The Abramson Cancer Center of the University of Pennsylvania
Last Modified: May 7, 2013
I was diagnosed with early-stage mesothelioma about 7 months ago and underwent surgery and chemotherapy. All of the cancer was removed during surgery, and I recently finished my chemotherapy. My last CT scan showed that I am cancer free. The surgery that I had removed my entire lung and has left me with some trouble breathing when moving a lot or climbing stairs. Although I am happy about my results so far, I just read that there is another surgery for mesothelioma that can save the lung. Did I have the correct procedure?
Charles B. Simone, II, MD, Radiation Oncologist at Penn Medicine, responds:
The type of surgery for mesothelioma that you had that removed the entire lung is called an extrapleural pneumonectomy and is the most standard way to treat early-stage mesothelioma in patients who are surgical candidates. Unfortunately, either due to a more advanced disease stage or medical comorbidities that makes the risks of surgery too high, only about 15% of patients with mesothelioma undergo an aggressive surgery that attempts to prolong survival. As an alternative to an extrapleural pneumonectomy, patients can undergo a pleurectomy, which is the removal of sites of bulky tumor that are typically symptomatic (causing pain or fluid to accumulate in the lung) and the adjacent lining of the lung. This is typically done as a palliative surgery in older patients or patients with more advanced disease that are not candidates for extrapleural pneumonectomy.
However, a more aggressive lung-sparing surgery, often termed radical pleurectomy or extended pleurectomy, is increasing in popularity and is probably what you read about. In this procedure, all visible tumor is removed, as well as the entire lining of the lung, even the lining that is not thought to be involved with disease. The lung, however, is spared and not removed. Early reports from the University of Pennsylvania, as well as centers in Germany and England, have shown very promising results with this procedure and achieved survival times that are longer than have been reported for extrapleural pneumonectomy series. This lung-sparing surgery also has the benefits of somewhat fewer perioperative complications and may allow patients to have better quality of life and breathing than if the lung was removed, which can allow patients to be better able to tolerate any subsequent therapy that may be needed if the cancer recurs. The lung-sparing surgery is a technically harder procedure for surgeons to perform, and it is being done in fewer centers than the more standard extrapleural pneumonectomy, but its use over the past 5 years is increasing. In fact, a new randomized trial comparing chemotherapy alone to chemotherapy and surgery that is beginning throughout Europe that plans to enroll 282 patients with mesothelioma is using the lung-sparing extended pleurectomy as the surgery of choice for the study.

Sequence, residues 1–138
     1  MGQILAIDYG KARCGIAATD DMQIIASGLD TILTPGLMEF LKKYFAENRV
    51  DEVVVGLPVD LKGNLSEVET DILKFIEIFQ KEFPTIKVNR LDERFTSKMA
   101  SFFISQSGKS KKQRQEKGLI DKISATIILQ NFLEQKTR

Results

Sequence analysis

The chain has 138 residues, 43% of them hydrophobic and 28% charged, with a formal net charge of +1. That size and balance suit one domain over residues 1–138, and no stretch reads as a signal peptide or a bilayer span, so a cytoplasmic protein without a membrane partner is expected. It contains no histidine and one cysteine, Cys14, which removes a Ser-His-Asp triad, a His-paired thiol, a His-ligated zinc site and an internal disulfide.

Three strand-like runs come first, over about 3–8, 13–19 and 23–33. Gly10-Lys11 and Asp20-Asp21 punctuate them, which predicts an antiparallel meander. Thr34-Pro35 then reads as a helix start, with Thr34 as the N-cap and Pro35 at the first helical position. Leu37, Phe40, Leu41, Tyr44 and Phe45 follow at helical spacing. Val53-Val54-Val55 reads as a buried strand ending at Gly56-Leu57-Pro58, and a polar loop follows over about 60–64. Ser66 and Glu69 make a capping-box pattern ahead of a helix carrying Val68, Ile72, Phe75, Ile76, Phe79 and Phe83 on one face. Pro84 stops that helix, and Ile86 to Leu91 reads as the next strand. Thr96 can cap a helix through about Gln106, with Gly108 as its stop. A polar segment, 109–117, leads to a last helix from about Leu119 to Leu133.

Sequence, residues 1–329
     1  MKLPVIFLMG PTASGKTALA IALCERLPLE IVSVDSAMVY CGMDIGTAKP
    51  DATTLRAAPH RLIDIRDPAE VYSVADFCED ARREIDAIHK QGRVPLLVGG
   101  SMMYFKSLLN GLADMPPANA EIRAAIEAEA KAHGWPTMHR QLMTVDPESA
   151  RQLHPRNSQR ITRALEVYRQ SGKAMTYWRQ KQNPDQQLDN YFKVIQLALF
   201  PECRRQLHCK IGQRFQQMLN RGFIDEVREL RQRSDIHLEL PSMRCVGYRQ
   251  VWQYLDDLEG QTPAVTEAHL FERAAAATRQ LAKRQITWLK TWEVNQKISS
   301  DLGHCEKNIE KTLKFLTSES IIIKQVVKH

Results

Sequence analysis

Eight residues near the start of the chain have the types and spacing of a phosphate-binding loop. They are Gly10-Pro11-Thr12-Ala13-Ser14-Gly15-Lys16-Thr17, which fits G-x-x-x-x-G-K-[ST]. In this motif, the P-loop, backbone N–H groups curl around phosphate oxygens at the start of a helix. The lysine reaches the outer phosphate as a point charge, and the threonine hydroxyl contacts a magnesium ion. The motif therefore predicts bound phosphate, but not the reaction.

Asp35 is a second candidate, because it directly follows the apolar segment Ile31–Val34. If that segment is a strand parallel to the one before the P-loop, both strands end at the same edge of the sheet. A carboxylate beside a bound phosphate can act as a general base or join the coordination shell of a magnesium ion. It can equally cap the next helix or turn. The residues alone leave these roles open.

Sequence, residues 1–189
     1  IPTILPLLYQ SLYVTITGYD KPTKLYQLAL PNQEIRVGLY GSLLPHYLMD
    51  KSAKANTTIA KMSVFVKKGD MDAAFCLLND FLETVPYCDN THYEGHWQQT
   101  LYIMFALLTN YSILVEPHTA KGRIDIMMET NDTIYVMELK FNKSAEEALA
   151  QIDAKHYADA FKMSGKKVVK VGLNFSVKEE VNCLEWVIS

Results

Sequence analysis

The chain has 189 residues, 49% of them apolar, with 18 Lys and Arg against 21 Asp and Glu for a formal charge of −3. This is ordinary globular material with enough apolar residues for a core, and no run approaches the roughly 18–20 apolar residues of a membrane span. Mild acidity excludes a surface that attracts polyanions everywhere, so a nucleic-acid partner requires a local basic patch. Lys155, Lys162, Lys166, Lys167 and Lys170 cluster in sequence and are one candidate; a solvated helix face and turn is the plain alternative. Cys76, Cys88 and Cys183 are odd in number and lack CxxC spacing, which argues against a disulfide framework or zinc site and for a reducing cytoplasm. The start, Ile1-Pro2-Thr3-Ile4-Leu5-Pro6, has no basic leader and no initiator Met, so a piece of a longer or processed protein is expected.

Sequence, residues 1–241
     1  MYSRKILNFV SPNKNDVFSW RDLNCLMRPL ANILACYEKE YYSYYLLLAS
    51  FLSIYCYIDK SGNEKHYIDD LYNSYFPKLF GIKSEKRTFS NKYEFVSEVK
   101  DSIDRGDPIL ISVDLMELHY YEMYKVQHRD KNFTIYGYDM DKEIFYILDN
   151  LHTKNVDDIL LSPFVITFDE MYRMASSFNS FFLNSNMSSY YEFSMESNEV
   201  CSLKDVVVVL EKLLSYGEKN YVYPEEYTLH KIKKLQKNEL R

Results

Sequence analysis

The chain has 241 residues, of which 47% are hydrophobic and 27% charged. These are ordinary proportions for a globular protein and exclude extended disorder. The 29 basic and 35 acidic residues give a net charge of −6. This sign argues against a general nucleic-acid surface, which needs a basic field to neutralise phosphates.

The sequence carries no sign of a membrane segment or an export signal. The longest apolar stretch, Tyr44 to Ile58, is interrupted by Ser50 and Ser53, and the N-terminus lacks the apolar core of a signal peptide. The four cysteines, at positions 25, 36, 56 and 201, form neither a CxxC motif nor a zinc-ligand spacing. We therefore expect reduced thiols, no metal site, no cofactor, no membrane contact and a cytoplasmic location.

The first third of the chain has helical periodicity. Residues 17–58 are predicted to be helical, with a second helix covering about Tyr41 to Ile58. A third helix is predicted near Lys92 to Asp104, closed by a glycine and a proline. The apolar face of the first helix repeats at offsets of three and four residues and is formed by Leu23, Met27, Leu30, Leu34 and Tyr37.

The best results ever reported for mesothelioma, however, was for patients with stage I disease who have undergone an extrapleural pneumonectomy. Thus, experts disagree and the verdict is not in as to which surgery should be performed and considered standard. As data on the lung-sparing surgery matures and it is increasingly used, one procedure or the other may emerge as the preferred surgical approach in the future. For now, everyone agrees that the goal of surgery, whether the lung is removed or spared, is to remove all visible disease, as you had done. This is associated with the best survival among patients undergoing definitive surgery.